Published on October 23, 2013 at 4:05 AM
The results may reflect the critical importance of first grade as an academic building block, Rabiner said. Children who suffer from attention problems in first grade fail to acquire key academic skills, and their performance suffers in later years as a result.
Not all first-graders who struggle to focus in school have ADHD, Rabiner added. But whether they have diagnosable ADHD or not, he said it's important to help them at the outset of their academic careers, when they are acquiring essential building block skills.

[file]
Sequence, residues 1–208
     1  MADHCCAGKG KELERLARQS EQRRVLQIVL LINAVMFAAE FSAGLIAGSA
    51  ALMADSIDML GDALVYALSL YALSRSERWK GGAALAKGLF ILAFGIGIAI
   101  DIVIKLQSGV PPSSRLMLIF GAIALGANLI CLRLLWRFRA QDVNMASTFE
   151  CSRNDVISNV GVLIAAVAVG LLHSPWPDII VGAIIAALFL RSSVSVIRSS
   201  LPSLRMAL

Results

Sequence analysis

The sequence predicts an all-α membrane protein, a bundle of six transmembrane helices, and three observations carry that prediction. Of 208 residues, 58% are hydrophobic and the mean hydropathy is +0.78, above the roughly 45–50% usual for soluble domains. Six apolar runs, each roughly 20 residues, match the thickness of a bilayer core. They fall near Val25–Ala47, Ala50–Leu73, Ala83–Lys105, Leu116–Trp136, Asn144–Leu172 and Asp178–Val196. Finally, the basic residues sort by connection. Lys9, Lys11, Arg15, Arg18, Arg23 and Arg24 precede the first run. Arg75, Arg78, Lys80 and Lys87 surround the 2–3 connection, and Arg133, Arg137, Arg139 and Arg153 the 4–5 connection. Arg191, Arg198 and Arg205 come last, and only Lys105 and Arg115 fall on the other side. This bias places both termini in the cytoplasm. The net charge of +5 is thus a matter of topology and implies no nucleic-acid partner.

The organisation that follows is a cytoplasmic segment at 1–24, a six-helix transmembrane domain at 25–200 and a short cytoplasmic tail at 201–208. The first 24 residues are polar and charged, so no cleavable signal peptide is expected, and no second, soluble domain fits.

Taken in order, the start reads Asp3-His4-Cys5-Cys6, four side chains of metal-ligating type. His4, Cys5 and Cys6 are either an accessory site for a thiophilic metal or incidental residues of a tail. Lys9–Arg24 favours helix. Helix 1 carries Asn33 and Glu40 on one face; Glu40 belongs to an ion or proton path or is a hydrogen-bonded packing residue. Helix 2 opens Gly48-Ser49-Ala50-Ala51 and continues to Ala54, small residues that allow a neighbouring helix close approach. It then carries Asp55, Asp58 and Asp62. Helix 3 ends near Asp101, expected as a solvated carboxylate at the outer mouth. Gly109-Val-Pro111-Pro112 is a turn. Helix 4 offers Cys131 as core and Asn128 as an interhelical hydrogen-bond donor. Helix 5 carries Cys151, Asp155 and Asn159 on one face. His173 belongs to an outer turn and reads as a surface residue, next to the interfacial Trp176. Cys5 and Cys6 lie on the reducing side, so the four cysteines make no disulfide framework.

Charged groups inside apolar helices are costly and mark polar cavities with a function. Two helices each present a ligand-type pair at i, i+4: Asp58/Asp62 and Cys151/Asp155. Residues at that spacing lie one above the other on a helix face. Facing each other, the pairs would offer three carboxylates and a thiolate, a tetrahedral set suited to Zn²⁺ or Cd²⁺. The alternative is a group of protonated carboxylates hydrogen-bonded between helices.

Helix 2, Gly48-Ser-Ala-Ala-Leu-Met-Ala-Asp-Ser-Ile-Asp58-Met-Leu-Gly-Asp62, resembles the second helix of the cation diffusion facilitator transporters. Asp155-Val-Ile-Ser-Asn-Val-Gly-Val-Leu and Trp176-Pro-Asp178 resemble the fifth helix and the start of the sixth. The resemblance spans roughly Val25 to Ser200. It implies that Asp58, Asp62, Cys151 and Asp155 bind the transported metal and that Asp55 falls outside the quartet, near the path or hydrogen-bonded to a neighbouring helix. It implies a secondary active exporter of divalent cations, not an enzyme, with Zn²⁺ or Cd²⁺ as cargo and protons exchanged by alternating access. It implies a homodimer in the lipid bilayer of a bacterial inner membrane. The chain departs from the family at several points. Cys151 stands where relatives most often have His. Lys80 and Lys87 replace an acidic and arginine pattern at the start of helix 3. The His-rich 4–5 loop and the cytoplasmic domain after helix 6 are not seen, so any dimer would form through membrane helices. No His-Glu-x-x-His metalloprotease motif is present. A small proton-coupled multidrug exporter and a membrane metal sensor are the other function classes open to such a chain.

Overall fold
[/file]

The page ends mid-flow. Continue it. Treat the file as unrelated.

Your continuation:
"Even when these children overcome their attention problems, they continue to struggle in school," Rabiner said. "The earlier we can identify children who are struggling with sustaining attention in the classroom and intervene to help them, the better."
The study emphasized first and second grades, but Rabiner noted that future researchers would do well to look at kindergarten as well. Data for the study was collected beginning in the early 1990s. Since that time, kindergarten has assumed a more important academic role in many schools.
Source: Duke University